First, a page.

How to Deal With Failure at Work and Build Resilience

This article is an excerpt from the Shortform book guide to "The Third Door" by Alex Banayan. Shortform has the world's best summaries and analyses of books you should be reading.

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How did Lada Gaga respond to the criticism she received for her album ARTPOP? What can it teach you about failure and success?

Many of the people whom Alex Banayan interviewed for his book The Third Door overcame difficult challenges in their lives and their careers. He found that, for Lady Gaga, failure is an opportunity to bounce back and avoid derailing progress.

Read more to learn how Lady Gaga has dealt with criticism and failure.

Lady Gaga on Failure

Banayan wasn’t able to sit down with Lady Gaga for an official interview, but he did meet her briefly. And, through a mutual acquaintance, he became involved in planning her media response to the criticism of her recently released album. He watched the way she handled that criticism. And, here’s what he learned from Lady Gaga: Failure can be turned into success if you have a strong sense of your values—and if the failure aligns with those values.

The phenomenal success of her first two albums made Gaga a worldwide star. But, critics panned her third album, ARTPOP, and sales were low. For several months after the album’s release, Gaga struggled to respond to this criticism, and the negative reviews were hard on her. However, she ultimately realized that the unusual character of her album—which is what prompted the negative reviews—was consistent with her brand of always defying expectations. Since her previous albums had been so well-received, it was fitting that she then release an album that appealed more to a fringe audience.

By embracing the message that the low sales and bad ratings of the album actually reflected its underlying strengths, Gaga was able to emerge from the experience with a sense that she was in control of the narrative. She even ramped up the strangeness of the album by making all-the-more bizarre performances, including having someone vomit on her on stage. She publicly compared this strangeness to Andy Warhol’s art, thus positioning her album alongside recognized great art.

When to Acknowledge Wrongs Instead of Framing Them as Positives

There were a number of reasons Gaga’s 2013 album ARTPOP was poorly received by critics and the public. Some people called it pretentious and objected to Gaga’s unusual artistic choices, like the vomit performance Banayan mentions. But, another focus of criticism, which Banayan doesn’t discuss, was that the album seemed to trivialize and profit off of sexual assault.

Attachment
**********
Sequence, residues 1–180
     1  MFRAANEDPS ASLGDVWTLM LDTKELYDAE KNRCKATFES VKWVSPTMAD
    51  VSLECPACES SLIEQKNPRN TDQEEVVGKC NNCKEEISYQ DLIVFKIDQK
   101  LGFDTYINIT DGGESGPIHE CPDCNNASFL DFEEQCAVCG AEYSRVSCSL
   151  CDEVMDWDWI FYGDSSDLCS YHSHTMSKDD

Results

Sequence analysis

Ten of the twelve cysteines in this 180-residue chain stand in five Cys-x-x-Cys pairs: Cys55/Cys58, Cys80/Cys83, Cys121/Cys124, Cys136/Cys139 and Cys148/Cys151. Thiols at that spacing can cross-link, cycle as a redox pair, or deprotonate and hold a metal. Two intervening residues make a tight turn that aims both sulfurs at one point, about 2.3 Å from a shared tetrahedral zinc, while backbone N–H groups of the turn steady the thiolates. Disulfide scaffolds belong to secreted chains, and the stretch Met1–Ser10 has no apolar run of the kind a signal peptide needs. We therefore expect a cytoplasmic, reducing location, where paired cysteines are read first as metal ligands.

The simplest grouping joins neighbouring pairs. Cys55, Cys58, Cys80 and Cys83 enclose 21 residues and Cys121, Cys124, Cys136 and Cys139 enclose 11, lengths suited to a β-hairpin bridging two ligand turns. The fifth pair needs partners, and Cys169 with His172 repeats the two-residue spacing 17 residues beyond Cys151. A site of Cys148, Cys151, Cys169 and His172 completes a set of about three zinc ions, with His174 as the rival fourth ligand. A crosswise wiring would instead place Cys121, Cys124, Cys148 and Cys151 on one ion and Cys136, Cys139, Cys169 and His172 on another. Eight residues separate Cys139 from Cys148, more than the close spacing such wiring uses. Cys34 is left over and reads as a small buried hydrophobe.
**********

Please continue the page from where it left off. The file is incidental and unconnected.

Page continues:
One song in particular, “Do What U Want,” featured a duet with R. Kelly, who was widely recognized as a sexual predator. Gaga also created a music video with Kelly—never officially released, but leaked—that many interpreted as a glamorization of rape.

It can be argued that Gaga’s response to the pushback against the sexual assault themes was a way to position weaknesses as strengths: She told Howard Stern the songs about rape and demoralization allowed her to release the pain she felt.

However, she did ultimately acknowledge, without spinning it as a strength, the weakness of her collaboration with R. Kelly. After the full extent of his sexual assault history became publicized in 2019, she issued an apology saying she regretted working with him and that doing so had shown poor judgment.

Though Gaga’s apology came after the publication of The Third Door, Banayan might argue that Gaga was still letting her values guide her decisions and move her past her setbacks. In this case, it was not so much to justify her setbacks or frame them as wins but instead, to acknowledge them honestly and demonstrate growth.
Lady Gaga: Failure Can Be Turned Into Success

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Like what you just read? Read the rest of the world's best book summary and analysis of Alex Banayan's "The Third Door" at Shortform.

Here's what you'll find in our full The Third Door summary:

  • That there are three doors in life—but most people only know about two
  • Insights, tricks, and motivations to help you find your path to success
  • Advice from some of the world's most successful people

Elizabeth Whitworth

Elizabeth has a lifelong love of books. She devours nonfiction, especially in the areas of history, theology, and philosophy. A switch to audiobooks has kindled her enjoyment of well-narrated fiction, particularly Victorian and early 20th-century works. She appreciates idea-driven books—and a classic murder mystery now and then. Elizabeth has a blog and is writing a book about the beginning and the end of suffering.

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